June 2007 • Great Sites for Getting Background
on Clients, Prospects, and Others
Ever Googled someone's name before meeting or talking
by phone to see what useful background you could turn up about them? Maybe
a referral from a client, or a new prospect, perhaps a journalist
you want to build a relationship with, or a center of influence at
a company or trade group? For a growing number of advisors, Googling
those folks is now standard pre-conversation homework.
The problem is what surfaces in that process
isn't always structured in a very organized way - which
can mean having to plow through a raft of results to patch
together anything meaningful. That's where sites like ZoomInfo and Clusty come
in handy, two search tools that take the time and guess
work out of organizing information found online.
Long-time readers may recall I first spotlighted ZoomInfo
2006. Recently, the site got a major overhaul which warrants giving
it another look. Clusty I included in Winning Clients in a Wired
World (back then it was called Vivisimo Web Search) as an alternative/supplement
to Google worth considering.
What makes both sites useful is how they group their
findings into categories, which makes reviewing whatever results they
return both faster and easier.
Originally designed to help recruiters uncover job candidates,
ZoomInfo scans the Web for mentions of the 37 million (and counting)
people it tracks, using what it finds to create a virtual resume for
each person. Contact information, work history, board memberships and
affiliations, education, Web references – background that can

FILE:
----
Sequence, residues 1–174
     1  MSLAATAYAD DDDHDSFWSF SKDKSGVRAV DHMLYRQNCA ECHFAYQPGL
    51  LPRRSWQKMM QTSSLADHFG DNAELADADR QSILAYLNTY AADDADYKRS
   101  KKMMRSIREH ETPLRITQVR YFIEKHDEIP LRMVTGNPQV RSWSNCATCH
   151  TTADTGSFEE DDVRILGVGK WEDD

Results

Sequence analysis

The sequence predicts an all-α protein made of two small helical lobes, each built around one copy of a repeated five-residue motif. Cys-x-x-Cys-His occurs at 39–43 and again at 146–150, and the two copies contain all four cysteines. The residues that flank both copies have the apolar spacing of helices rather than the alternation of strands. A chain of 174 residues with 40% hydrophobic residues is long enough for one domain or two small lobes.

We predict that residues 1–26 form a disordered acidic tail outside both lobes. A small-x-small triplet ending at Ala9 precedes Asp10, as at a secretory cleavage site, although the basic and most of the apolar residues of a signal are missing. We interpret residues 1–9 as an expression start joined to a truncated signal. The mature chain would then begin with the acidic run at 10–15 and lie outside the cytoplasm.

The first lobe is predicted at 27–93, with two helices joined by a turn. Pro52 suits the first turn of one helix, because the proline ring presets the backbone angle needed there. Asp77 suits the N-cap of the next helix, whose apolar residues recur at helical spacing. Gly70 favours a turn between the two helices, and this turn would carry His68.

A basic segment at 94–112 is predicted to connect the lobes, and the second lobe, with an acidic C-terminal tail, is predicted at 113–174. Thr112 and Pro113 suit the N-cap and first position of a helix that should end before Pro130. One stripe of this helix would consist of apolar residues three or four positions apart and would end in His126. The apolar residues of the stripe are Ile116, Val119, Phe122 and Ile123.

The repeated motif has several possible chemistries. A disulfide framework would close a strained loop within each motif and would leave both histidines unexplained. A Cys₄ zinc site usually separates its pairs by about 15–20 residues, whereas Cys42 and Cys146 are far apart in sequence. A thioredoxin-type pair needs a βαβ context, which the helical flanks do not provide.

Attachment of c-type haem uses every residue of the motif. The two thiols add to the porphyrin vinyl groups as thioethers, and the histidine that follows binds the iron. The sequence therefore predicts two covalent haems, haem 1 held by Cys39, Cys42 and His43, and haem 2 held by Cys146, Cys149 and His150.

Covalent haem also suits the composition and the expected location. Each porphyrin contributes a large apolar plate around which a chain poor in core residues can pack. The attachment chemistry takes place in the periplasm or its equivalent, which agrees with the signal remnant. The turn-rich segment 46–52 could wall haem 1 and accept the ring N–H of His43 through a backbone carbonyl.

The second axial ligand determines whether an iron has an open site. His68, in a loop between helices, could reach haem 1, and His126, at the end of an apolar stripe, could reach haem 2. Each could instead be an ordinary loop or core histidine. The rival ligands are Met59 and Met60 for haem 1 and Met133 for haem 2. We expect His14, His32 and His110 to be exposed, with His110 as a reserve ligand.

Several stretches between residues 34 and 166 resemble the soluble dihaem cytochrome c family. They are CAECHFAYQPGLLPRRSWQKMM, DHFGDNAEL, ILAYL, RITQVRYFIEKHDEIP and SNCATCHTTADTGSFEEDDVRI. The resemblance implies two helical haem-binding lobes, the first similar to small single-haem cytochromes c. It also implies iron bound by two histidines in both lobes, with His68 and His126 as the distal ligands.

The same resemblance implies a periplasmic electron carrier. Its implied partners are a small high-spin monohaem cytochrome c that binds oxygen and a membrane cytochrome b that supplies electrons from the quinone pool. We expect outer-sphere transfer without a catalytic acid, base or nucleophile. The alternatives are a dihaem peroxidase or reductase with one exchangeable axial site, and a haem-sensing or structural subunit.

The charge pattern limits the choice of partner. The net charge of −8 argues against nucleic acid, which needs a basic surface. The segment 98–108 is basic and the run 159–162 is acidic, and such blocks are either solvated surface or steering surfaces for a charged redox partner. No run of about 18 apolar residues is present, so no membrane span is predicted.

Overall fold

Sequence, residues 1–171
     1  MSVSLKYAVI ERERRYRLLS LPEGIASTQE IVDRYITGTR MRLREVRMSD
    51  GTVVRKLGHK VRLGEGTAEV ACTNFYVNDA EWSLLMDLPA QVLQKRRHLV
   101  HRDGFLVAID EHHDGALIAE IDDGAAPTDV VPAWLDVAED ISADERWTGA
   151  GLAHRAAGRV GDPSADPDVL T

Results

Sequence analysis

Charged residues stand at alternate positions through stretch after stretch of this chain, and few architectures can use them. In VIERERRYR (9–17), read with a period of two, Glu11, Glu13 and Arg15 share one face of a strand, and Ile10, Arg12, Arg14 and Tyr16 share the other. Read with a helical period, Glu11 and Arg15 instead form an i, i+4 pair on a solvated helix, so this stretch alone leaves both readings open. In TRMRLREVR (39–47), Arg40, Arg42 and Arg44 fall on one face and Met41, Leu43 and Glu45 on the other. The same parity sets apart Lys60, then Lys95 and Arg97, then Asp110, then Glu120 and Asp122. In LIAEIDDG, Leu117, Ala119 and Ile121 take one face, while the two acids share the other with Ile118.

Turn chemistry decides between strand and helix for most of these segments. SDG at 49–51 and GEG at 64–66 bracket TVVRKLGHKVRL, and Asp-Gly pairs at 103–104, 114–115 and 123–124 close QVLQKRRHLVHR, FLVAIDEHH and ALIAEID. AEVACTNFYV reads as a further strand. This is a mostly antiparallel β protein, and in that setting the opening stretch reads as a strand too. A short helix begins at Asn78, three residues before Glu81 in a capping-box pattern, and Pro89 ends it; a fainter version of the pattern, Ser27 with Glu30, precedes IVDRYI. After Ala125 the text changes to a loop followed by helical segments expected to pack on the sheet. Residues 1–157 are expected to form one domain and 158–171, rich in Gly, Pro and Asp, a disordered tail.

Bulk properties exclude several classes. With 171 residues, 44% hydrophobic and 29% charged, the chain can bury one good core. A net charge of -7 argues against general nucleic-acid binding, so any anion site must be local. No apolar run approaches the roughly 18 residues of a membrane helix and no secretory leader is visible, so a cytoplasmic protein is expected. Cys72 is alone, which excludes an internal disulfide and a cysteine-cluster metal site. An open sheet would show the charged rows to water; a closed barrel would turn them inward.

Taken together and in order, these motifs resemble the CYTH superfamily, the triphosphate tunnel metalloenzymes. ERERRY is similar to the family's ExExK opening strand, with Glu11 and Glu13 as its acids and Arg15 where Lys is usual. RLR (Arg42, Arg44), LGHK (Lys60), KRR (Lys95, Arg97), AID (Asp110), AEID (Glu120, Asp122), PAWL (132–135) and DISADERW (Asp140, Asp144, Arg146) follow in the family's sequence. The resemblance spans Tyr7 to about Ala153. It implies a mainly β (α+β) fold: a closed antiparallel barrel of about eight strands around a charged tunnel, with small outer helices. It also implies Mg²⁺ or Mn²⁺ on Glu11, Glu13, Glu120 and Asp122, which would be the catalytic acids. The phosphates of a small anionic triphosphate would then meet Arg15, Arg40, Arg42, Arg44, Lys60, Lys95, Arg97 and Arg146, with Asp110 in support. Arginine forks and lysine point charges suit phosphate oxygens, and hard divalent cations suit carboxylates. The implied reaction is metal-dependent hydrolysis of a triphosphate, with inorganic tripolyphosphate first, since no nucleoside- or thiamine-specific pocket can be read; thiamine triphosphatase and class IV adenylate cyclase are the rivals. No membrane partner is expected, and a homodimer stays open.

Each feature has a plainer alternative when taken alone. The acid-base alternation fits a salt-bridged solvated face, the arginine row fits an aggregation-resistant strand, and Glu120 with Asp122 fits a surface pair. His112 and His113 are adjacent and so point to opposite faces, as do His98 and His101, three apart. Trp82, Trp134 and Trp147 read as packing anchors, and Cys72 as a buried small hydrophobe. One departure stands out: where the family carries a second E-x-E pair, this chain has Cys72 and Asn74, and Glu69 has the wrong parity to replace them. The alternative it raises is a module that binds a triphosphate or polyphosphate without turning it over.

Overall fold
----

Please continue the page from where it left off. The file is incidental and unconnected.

give you a more complete picture of who a person is and in what ways
you (or others… think referrals) may be connected with them.
Basic service is free; paid versions give you access
to more information, and greater flexibility in transferring that data
into your own system.
Two quick notes of caution: not everyone has a ZoomInfo
profile, and those that do may be fragmented in multiple profiles.
Despite those limitations it's worth checking if people you're interested
in show up in ZoomInfo's database. It won't cost you, and you simply
won't get the same organized output using a standard search engine.
One cool ZoomInfo feature I use frequently is QuickLists,
a way of grouping contacts together for ongoing tracking/access – your "A" clients,
execs at the same company, members of a local professional organization,
competitors, whatever. (QuickLists also solve the multi-part bio problem
mentioned above; you can group the pieces of a person's background
together into one QuickList for faster reference the next time.)
Another thing I like: you can use the site's Advanced
Search page to look for people at companies within a defined geography
or within a certain size range.
Clusty is a broader-based search tool. What makes it
noteworthy is that it groups or "clusters" results it finds
into logical categories, all by itself. Enter the keywords entrepreneurs "Washington,
DC" and you'll get groupings for Small Business,
Women, Non-Profit, Association, and Young Entrepreneurs, to name just
a few. Click on any of those headings and you'll get a list of subheadings,
each with a distinct set of results to help you find exactly what you're
Google is still my bread-and-butter search tool
but when I'm looking for information on people or want help parsing
what's out there on certain topics I'm researching, ZoomInfo and
Clusty are where I turn next. You should too.
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